The federal Small Business Administration maintains a list of more insurance policies your new Oklahoma business may need.
7. Understand financial considerations
On top of buying insurance, you’ll likely have to make other investments to set up your Oklahoma business, including renting a brick-and-mortar retail space or warehouse, setting up a professionally designed business website, and purchasing ads, equipment, and software. You may also want to hire lawyers, accountants, publicists, and other professionals to support your endeavors.
These early costs can quickly add up. Thankfully, resources are available to help you get your hands on startup funding. Oklahoma offers a variety of incentive and financial assistance programs for new businesses. Federal development resources are available through the US Small Business Administration (SBA), which has a district office in Oklahoma City. There’s also Shopify Capital, which offers fast funding and flexible payments.
8. Market your business
- Market research. Thorough market research is the key to understanding your target audience and customers. It can also help you stand out from your competition.
- Advertising. Design and purchase or get for free, print or digital ads. You can do this yourself or hire an agency to do it on your behalf.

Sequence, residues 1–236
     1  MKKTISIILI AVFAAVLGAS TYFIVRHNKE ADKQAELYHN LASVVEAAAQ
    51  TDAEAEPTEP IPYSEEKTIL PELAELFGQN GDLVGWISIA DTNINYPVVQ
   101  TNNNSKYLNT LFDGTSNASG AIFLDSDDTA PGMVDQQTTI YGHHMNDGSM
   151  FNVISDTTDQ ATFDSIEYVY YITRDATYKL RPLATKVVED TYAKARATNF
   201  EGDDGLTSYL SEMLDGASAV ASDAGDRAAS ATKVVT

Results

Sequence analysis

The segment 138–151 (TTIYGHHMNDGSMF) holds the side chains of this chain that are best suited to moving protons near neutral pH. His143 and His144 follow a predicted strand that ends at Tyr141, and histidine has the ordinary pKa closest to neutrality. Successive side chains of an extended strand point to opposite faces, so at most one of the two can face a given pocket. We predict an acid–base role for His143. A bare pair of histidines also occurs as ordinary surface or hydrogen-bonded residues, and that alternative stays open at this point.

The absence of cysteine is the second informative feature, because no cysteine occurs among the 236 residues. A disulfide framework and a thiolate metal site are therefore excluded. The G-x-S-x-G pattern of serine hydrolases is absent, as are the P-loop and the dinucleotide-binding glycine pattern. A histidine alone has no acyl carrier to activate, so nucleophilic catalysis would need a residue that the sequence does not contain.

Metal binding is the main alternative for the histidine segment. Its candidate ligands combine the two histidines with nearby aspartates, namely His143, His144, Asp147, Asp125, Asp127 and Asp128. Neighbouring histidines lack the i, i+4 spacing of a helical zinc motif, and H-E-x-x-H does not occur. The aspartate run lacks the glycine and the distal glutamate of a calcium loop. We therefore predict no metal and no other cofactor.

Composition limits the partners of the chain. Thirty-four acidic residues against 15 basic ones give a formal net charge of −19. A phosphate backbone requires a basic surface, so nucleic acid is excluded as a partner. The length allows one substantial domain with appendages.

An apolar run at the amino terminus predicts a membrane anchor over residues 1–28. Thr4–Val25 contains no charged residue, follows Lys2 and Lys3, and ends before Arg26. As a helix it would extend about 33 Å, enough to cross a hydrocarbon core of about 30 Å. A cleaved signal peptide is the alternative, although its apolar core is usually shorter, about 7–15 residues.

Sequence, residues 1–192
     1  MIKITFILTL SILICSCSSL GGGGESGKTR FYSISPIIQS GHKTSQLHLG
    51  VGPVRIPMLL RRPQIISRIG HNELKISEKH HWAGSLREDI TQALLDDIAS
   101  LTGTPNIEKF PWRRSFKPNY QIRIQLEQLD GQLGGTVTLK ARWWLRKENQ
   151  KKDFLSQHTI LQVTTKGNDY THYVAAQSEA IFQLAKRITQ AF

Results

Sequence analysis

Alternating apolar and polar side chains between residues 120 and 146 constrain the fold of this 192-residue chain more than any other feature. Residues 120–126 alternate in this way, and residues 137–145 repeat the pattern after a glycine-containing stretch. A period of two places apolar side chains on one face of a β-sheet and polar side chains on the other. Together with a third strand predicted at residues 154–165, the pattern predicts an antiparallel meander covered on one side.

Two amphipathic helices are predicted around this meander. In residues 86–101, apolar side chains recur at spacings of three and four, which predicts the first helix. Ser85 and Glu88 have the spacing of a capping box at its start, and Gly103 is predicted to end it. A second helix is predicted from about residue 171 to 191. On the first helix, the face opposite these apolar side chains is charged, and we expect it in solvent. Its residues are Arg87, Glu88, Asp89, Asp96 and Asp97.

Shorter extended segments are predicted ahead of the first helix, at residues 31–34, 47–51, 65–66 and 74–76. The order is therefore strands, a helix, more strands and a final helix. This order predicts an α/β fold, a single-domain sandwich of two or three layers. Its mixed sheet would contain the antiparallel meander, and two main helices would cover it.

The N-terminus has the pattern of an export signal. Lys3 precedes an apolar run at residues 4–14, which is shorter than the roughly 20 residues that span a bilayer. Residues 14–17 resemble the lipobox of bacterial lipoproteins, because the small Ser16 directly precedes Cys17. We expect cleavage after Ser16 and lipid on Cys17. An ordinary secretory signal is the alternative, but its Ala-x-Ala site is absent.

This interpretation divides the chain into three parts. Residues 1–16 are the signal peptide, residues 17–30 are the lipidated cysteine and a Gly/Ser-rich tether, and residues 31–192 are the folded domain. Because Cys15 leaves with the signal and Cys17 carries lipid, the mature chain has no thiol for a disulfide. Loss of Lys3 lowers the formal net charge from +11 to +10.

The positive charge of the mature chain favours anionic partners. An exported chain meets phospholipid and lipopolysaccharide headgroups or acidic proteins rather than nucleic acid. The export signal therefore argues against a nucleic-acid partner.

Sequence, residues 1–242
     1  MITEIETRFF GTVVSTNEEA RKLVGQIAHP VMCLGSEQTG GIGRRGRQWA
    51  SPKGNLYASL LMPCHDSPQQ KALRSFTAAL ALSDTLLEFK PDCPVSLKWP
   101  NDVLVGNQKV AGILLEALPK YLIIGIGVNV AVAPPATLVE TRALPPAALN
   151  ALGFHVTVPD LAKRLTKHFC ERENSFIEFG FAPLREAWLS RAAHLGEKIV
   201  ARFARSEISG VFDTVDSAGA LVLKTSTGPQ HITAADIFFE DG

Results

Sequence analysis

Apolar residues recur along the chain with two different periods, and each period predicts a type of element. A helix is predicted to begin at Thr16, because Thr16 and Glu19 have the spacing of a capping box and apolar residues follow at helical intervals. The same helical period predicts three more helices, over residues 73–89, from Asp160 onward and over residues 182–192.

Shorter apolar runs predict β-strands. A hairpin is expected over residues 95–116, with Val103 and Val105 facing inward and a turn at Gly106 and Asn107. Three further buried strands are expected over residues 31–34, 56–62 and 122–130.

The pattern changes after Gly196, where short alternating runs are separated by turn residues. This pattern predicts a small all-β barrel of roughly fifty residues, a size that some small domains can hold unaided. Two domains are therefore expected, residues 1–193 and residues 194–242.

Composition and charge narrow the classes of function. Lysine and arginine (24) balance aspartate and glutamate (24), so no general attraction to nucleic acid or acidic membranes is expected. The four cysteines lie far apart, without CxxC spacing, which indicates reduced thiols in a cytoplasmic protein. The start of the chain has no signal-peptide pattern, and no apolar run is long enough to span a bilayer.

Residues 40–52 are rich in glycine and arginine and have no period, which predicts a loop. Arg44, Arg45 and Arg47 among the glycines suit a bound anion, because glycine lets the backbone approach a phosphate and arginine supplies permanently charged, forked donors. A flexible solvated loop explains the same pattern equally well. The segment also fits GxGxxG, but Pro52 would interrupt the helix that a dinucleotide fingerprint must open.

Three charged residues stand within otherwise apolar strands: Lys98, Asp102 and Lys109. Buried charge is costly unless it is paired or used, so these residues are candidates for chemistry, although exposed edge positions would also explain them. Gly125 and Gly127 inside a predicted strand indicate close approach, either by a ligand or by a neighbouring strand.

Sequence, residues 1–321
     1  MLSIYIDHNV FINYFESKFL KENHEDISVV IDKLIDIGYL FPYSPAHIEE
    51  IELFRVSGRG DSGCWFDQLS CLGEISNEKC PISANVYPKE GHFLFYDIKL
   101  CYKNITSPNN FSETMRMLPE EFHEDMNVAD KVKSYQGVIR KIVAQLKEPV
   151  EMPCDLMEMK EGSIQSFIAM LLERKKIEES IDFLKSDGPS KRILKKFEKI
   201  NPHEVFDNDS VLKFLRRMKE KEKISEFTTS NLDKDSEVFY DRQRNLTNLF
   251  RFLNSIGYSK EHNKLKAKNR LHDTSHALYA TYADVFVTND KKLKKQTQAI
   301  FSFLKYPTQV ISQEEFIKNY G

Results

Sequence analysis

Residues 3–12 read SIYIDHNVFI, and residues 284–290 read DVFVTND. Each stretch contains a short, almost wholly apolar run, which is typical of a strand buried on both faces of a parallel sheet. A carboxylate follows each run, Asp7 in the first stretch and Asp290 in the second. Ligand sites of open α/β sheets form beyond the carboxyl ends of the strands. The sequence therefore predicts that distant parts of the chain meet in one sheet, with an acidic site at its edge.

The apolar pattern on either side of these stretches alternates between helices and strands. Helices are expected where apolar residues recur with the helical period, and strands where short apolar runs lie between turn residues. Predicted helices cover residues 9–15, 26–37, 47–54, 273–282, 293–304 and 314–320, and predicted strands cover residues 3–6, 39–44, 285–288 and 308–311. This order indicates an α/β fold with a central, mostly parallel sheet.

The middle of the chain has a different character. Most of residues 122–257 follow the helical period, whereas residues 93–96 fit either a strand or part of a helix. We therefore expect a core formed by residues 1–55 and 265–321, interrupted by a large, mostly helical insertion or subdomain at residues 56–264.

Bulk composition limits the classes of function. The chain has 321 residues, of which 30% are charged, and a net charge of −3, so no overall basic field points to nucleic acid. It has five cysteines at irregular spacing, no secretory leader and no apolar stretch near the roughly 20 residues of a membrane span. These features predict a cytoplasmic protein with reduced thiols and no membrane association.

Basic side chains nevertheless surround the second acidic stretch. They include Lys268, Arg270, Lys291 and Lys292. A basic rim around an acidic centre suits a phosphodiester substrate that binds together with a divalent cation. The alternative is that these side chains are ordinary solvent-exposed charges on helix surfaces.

- Social media. Most successful businesses today maintain a social media presence on platforms like Facebook, Instagram, YouTube, and TikTok. Consistently publish content that aligns with your brand to boost customer engagement.
- Public relations. Identify and cultivate relationships with media outlets, print, digital, and broadcast—in Oklahoma and across the US—to help organically increase your visibility.
Customer retention. Build genuine relationships with customers that keep them coming back—and spreading the word to friends, family, and colleagues.
Start a business in Oklahoma FAQ
Is Oklahoma a good place to start a business?
Oklahoma’s low cost of living, strong labor force, low taxes, and various small business owner incentive programs make it an attractive place to start a business.
How much does it cost to start a business in Oklahoma?
Setting up an LLC or corporation in Oklahoma costs at least $50 to $100, which covers incorporation fees. Corporations and LLCs also must file annual reports with the Secretary of State’s office, with filing fees of $25 for LLCs and .125% of every $1,000 in revenue for corporations. There’s also a $10 fee to reserve your business name and $20 to apply for a sales tax permit.
Does Oklahoma require a business license?
Oklahoma does not require a general statewide business license, but retailers must obtain a sales tax permit. Certain business activities—such as landscaping or IT consulting—are subject to additional licensing requirements.